Obama, Netanyahu Meeting Canceled

Barack Obama, Benjamin Netanyahu

President Barack Obama shakes hands with Israeli Prime Minister Benjamin Netanyahu / AP


A meeting between President Barack Obama and Israeli Prime Minister Benjamin Netanyahu has been canceled after the Israeli leader decided to nix an upcoming trip to the United States, according to statements from both governments.

Israeli news reports on Monday initially claimed that the meeting was canceled after Obama decided not to hold a face-to-face sit-down with the prime minister.

The reports prompted anger from the Obama administration, which immediately claimed that this was not the case. The Israeli prime minister’s office also set the record straight on Tuesday, saying that Netanyahu is unable to travel to Washington, D.C.

The conflicting reports on the matter prompted confusion in both countries and led both administrations to seek to set the record straight on Tuesday.

"The Israeli Government requested a meeting between President Obama and Prime Minister Netanyahu on March 17 or 18," a White House official said in a statement provided to the Washington Free Beacon. "Two weeks ago, the White House offered the Prime Minister a meeting on March 18th.  We were looking forward to hosting the bilateral meeting, and we were surprised to first learn via media reports that the prime minister, rather than accept our invitation, opted to cancel his visit."

"Reports that we were not able to accommodate the prime minister's schedule are false," the White House said.

The prime minister’s office offered a similar recounting of events on Tuesday.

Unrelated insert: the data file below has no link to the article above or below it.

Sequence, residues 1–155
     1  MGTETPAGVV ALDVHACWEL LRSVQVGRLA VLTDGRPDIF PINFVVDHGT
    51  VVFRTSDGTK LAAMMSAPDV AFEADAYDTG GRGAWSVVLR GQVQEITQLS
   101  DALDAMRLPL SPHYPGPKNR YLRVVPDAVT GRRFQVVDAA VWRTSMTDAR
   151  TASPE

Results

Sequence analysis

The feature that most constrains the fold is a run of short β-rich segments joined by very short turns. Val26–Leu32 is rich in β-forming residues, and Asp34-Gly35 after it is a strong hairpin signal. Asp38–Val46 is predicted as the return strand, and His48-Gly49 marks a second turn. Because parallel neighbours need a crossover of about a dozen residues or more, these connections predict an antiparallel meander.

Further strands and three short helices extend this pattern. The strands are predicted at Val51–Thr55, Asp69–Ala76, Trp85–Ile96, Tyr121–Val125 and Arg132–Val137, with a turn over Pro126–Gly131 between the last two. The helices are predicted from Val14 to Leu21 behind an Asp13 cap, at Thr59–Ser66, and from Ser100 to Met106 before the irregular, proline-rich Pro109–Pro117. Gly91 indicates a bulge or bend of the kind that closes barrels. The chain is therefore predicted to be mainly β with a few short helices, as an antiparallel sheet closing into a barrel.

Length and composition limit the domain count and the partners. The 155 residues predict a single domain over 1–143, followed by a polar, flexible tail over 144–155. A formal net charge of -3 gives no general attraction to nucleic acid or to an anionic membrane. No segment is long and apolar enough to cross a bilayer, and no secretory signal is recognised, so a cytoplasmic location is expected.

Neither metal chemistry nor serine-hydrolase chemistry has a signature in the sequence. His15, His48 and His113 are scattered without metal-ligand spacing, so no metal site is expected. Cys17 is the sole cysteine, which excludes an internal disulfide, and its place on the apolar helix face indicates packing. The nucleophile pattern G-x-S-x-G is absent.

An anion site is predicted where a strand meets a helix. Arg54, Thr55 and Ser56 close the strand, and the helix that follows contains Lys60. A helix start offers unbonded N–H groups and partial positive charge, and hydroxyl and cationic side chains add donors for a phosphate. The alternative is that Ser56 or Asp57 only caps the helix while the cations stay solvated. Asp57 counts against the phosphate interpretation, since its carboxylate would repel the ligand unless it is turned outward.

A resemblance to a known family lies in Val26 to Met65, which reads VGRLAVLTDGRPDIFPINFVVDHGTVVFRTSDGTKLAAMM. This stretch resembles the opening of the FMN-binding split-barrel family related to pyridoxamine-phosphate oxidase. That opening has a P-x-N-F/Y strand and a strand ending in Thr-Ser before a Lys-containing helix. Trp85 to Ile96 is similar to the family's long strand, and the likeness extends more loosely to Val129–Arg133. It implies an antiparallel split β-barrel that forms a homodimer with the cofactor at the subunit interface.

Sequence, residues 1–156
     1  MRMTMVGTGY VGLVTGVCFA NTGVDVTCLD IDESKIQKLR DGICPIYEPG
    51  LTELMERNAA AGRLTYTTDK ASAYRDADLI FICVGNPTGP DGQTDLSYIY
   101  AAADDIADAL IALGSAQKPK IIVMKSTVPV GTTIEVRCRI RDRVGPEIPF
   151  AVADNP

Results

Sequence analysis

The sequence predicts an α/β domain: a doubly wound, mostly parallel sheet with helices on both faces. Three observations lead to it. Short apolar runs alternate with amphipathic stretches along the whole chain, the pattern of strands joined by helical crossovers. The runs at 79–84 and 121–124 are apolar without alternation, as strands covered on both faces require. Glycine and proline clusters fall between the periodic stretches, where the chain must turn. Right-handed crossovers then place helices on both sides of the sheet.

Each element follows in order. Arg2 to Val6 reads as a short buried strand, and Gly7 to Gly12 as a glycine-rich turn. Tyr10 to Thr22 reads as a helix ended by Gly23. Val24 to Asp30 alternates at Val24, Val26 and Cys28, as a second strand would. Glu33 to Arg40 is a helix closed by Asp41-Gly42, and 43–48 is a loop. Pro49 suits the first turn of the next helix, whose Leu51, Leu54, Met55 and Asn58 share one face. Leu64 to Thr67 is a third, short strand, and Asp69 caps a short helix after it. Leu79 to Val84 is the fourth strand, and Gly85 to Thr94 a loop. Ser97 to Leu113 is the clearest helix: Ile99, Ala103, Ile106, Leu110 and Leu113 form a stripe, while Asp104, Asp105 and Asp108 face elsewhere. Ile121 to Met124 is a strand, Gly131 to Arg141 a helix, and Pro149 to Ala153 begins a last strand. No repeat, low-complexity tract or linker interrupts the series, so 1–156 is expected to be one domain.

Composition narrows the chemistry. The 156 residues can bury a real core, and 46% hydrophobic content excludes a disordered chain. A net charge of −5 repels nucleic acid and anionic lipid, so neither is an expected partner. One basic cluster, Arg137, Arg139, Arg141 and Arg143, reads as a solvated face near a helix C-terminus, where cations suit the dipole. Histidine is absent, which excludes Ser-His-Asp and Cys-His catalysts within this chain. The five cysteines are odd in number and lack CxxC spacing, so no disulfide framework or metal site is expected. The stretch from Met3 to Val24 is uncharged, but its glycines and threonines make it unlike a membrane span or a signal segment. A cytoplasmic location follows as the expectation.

During a meeting at the White House on Friday, Israeli Ambassador Ron Dermer informed the White House that "there is a good chance that the prime minister would not be coming to Washington and that a final decision would be taken on Monday after he had met" with Netanyahu, according to a statement from the prime minister’s office provided to the Free Beacon.

Netanyahu was tentatively scheduled to attend the American Israel Public Affairs Committee’s annual conference in Washington. Dermer also told AIPAC that Netanyahu was "unlikely" to make an appearance.

"On Monday news reports suggested that the PM would not be traveling to Washington and erroneously stated that the president was unwilling to meet with the PM," the statement said.

Dermer "immediately" moved to correct these reports and "officially informed the administration that the prime minister would not be coming to Washington."


Netanyahu is scheduled to meet Tuesday with Vice President Joe Biden, who is in Israel on a visit.

Adam Kredo   Email Adam | Full Bio | RSS
Adam Kredo is senior writer reporting on national security and foreign policy matters for the Washington Free Beacon. An award-winning political reporter who has broken news from across the globe, Kredo’s work has been featured in the Wall Street Journal, the Weekly Standard, Commentary Magazine, the Drudge Report, and the Jerusalem Post, among many others. His Twitter handle is @Kredo0. His email address is kredo@freebeacon.com.

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